The qualifying number of 25 Tory MPs have now called for a vote of confidence in the party leader Iain Duncan Smith.
Mr Duncan Smith said that he would fight on. He would stand for the vote and "put an end once and for all to the speculation that has been sapping this party".
He has agreed with Sir Michael Spicer, chairman of the backbench 1922 Committee, that the confidence vote should be held at tomorrow's meeting of the committee - immediately after the Conservative leader has spoken to backbench MPs. The result is expected about 7pm.
"I will absolutely submit my name for a new mandate to lead the party to the general election," he said outside party headquarters, with his wife Betsy at his side.
The surprise announcement that 25 MPs had already called for the vote came this afternoon hours after a former minister today became the most senior Tory so far to declare publicly that he has called for a vote of no confidence in the Tory leader.
Francis Maude said he had written to Sir Michael Spicer and urged others to follow his lead.
Mr Maude, a former Treasury minister who was shadow chancellor under William Hague, made his declaration in an article for London's Evening Standard newspaper. He said: "I put my cards on the table. I have formally asked for a vote of confidence to be called.
"Personally, I believe we would do better under a different leader and I will vote accordingly if a ballot is triggered," he said.
He was immediately followed by John Greenway, the Ryedale MP who left Mr Duncan Smith's shadow cabinet in June.
Mr Greenway became the fourth Conservative MP to declare publicly his call for a vote of confidence in Mr Duncan Smith's leadership, saying: "For the sake of my party and for the sake of my country, I believe we have to have a vote of confidence."
A fifth MP then joined the list. He told PA News, on condition of anonymity, that he had added his name to the list of MPs challenging the leader's position.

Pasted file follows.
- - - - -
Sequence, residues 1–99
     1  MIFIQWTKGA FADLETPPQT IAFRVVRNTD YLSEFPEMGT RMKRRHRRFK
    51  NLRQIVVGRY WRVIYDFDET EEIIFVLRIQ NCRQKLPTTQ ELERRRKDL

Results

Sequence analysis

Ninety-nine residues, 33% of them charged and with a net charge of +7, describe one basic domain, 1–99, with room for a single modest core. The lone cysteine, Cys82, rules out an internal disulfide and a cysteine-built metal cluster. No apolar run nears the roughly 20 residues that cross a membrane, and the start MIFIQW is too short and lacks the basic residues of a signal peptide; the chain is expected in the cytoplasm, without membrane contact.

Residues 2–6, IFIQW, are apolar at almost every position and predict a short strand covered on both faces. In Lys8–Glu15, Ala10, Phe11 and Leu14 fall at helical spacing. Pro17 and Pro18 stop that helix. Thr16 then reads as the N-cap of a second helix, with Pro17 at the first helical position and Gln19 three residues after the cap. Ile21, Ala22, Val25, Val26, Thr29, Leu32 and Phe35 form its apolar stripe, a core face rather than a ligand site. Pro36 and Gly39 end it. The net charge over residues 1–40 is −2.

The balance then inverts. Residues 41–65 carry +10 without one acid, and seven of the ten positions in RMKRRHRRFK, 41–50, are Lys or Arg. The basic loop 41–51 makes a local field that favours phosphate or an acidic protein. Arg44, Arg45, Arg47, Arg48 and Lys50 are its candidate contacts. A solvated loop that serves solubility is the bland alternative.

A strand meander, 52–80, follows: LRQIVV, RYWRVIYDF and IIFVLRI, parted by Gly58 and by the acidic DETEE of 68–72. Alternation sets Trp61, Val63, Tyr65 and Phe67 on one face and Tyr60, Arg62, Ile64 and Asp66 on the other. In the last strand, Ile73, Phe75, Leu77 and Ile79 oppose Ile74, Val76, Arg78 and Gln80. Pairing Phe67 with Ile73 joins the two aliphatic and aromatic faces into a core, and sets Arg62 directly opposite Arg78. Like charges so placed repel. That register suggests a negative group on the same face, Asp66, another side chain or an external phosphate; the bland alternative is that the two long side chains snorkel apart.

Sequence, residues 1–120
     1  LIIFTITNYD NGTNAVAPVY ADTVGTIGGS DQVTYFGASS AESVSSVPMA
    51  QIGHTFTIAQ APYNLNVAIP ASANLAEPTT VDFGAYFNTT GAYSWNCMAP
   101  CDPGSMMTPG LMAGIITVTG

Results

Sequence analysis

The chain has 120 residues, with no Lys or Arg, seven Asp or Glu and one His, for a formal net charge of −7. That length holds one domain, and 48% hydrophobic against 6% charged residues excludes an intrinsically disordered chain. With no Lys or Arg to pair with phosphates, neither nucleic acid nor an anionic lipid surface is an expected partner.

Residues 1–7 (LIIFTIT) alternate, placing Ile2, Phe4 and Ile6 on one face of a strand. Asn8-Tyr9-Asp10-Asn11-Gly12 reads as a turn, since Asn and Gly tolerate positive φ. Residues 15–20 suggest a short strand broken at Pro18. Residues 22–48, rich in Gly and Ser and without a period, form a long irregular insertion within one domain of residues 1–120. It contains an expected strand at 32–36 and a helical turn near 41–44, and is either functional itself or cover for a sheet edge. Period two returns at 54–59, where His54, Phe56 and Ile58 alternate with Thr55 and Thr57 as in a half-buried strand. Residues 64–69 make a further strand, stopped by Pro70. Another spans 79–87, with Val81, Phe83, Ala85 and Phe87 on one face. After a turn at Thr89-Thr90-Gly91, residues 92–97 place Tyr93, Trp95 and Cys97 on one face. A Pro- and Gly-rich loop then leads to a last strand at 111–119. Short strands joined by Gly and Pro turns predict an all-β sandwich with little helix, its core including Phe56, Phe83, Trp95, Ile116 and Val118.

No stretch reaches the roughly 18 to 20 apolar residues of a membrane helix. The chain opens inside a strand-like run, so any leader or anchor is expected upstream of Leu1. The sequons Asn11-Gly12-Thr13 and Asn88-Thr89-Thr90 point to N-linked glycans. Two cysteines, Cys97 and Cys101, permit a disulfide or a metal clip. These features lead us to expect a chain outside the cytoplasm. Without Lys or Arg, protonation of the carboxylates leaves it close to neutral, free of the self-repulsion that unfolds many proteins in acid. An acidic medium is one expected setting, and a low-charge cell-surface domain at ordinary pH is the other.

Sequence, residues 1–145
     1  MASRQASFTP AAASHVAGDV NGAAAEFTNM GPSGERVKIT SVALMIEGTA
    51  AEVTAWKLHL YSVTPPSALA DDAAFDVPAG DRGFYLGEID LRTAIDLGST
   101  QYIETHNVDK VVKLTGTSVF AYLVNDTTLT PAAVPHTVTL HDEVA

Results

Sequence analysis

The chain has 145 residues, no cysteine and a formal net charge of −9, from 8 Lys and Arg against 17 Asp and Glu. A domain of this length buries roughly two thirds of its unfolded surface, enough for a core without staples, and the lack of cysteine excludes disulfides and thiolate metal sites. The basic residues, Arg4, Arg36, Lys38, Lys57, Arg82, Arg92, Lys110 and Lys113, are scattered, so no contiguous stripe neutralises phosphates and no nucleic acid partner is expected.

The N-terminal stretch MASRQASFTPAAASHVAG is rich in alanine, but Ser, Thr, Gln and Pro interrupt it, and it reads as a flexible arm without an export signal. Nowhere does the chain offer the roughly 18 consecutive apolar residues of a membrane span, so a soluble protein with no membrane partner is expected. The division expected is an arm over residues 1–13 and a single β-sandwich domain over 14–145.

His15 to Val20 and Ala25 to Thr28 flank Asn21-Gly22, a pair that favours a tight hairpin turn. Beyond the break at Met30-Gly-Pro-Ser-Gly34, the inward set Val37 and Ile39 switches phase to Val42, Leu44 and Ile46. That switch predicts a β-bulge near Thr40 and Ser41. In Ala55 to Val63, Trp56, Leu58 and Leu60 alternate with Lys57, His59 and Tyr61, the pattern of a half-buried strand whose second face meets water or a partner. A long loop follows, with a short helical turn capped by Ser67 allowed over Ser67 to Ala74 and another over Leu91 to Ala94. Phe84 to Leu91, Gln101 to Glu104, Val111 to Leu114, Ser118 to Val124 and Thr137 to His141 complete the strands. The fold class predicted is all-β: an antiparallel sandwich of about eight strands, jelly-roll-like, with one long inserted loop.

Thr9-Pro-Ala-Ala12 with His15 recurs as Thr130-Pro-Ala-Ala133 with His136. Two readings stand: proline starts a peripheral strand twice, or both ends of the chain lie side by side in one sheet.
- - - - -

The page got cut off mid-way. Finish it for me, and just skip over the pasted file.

Hours later came the announcement from a party official that 25 letters had been received - enough to trigger the vote.
Mr Duncan Smith raised the stakes yesterday in his battle to remain Tory leader by giving his critics 48 hours to force the vote or call a halt to plotting against him.
In a seemingly final attempt to shore up his position, the Conservative leader declared he would appear before the backbench 1922 Committee tomorrow and make a direct appeal for his MPs' support.
Mr Duncan Smith claimed that if the required 25 MPs had not come forward to demand a vote of confidence by then, the party should draw a line under the affair and unite behind him.
Mr Maude, MP for Horsham, interviewed on BBC Radio 4's Today programme, was asked whether it was his sense that the majority of Tory MPs want a change of leadership.
He replied: "Yes it is. But I can't demonstrate that. I have only talked to a very few people but there is a sense that the concern is very widespread. Iain and his team may be quite right that this is just a few malcontents. I don't think that that is right, but this is an opportunity this week to show one way or the other.
"If there is widespread concern then a vote will be triggered and we can go through the duly laid down process. If not then we must rally behind Iain and endeavour to make a success of his leadership," Mr Maude said.Reuse content